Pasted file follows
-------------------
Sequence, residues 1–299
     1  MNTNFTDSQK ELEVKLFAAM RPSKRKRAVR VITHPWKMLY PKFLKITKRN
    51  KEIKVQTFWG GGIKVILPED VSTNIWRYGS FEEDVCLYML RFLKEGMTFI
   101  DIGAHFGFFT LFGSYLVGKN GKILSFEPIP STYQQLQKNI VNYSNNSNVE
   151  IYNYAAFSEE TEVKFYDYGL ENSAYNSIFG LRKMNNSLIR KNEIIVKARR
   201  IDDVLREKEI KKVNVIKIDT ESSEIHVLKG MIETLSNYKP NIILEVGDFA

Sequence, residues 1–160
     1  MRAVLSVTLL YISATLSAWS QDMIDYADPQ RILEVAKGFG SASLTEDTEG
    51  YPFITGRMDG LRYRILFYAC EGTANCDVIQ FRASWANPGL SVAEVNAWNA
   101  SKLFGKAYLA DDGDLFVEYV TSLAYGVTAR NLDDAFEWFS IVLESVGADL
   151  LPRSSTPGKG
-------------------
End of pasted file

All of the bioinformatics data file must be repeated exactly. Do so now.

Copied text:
Sequence, residues 1–299
     1  MNTNFTDSQK ELEVKLFAAM RPSKRKRAVR VITHPWKMLY PKFLKITKRN
    51  KEIKVQTFWG GGIKVILPED VSTNIWRYGS FEEDVCLYML RFLKEGMTFI
   101  DIGAHFGFFT LFGSYLVGKN GKILSFEPIP STYQQLQKNI VNYSNNSNVE
   151  IYNYAAFSEE TEVKFYDYGL ENSAYNSIFG LRKMNNSLIR KNEIIVKARR
   201  IDDVLREKEI KKVNVIKIDT ESSEIHVLKG MIETLSNYKP NIILEVGDFA

Sequence, residues 1–160
     1  MRAVLSVTLL YISATLSAWS QDMIDYADPQ RILEVAKGFG SASLTEDTEG
    51  YPFITGRMDG LRYRILFYAC EGTANCDVIQ FRASWANPGL SVAEVNAWNA
   101  SKLFGKAYLA DDGDLFVEYV TSLAYGVTAR NLDDAFEWFS IVLESVGADL
   151  LPRSSTPGKG